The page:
We’d gone through all the usual suspects, temporal slowing, wormholes, but nothing ended up being less risky than what we were trying to prevent, I mean, these are some real untold quantities that we’re talking about putting together here. My comedy favourite was the handbag, that was priceless. Even under this stress there were some chuckles when that got suggested.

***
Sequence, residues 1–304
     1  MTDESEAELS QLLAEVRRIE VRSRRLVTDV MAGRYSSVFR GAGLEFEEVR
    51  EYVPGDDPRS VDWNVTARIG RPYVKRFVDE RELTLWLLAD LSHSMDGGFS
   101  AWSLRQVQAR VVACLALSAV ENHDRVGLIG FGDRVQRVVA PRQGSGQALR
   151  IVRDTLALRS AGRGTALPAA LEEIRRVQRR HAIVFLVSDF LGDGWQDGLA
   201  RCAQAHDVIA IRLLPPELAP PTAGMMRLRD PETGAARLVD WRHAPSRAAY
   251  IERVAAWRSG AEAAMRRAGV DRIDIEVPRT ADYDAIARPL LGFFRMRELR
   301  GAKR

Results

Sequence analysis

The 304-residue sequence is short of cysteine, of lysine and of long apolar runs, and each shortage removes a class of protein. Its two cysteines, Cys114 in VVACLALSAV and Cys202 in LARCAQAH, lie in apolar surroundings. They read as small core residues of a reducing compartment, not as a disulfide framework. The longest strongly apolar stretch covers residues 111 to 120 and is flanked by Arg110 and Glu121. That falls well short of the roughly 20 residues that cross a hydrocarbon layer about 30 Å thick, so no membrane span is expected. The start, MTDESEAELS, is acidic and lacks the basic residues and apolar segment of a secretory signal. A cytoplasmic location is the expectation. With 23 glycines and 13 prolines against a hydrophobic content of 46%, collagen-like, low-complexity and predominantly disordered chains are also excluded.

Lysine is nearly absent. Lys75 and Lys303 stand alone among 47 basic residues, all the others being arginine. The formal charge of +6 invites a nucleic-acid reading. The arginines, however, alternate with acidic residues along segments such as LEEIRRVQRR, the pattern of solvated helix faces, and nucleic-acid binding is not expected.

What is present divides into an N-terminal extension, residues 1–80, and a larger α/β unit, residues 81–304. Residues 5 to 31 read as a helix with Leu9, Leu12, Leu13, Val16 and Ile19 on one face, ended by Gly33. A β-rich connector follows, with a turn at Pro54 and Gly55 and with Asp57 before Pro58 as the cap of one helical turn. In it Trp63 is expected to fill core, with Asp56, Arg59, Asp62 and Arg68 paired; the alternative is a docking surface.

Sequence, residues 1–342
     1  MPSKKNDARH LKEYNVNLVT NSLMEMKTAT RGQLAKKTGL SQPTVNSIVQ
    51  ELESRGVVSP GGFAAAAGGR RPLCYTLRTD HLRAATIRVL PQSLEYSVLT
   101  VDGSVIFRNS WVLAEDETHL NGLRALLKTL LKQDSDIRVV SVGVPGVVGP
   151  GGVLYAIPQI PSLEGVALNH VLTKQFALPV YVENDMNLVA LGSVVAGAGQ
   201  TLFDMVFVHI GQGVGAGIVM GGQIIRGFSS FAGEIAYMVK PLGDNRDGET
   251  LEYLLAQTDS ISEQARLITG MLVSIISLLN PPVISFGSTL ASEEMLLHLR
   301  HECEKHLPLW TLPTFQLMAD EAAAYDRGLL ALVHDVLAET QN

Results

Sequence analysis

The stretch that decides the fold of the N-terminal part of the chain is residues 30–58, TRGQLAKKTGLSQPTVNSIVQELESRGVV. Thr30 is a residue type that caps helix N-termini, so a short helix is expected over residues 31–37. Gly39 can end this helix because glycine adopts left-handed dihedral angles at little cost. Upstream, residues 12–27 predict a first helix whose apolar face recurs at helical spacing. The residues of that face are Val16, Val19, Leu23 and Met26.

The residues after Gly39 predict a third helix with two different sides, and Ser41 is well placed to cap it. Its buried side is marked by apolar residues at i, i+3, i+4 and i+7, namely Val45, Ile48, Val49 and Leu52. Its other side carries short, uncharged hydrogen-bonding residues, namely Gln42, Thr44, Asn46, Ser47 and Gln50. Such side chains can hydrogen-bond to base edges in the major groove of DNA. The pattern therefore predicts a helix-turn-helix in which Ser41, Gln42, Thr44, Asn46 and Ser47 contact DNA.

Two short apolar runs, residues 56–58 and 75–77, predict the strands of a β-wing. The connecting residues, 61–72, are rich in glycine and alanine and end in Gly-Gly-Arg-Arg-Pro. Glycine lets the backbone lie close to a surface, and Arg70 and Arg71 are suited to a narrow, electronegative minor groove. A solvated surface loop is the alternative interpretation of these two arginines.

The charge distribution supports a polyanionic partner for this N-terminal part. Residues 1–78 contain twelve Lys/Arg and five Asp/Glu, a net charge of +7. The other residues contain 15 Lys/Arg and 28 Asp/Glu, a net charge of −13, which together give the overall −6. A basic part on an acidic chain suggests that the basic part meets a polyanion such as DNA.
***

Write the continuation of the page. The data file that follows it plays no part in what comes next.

Anyway, by this point we’re on like hour 60, and this thing is getting real close, but the closer it got, the slower it got, and we started to get our hopes up as the maths heads calculated the trajectory and velocity, we started to wonder whether we’d all been worrying about nothing the whole time, and it was going to get closer and slower, and closer and slower, and never actually touch at all. You ever hear of Zeno’s Arrow? It was this thought experiment, right, where it was posited that if you fire an arrow at a tortoise, the arrow moves towards the tortoise, but the tortoise moves a bit too, real slow, and the arrow has moved a bit closer, but by that point the tortoise has moved on a bit too, and although the arrow keeps getting closer to the tortoise, each time it gets to where the tortoise was, the tortoise has moved forwards a bit. Of course this was only a thought experiment, as if you tried it practically you’d better have a lot of tortoises, right? But we started to wonder if it was going that way. Zeno’s Arrow reflected, in the dark mirror of our fears.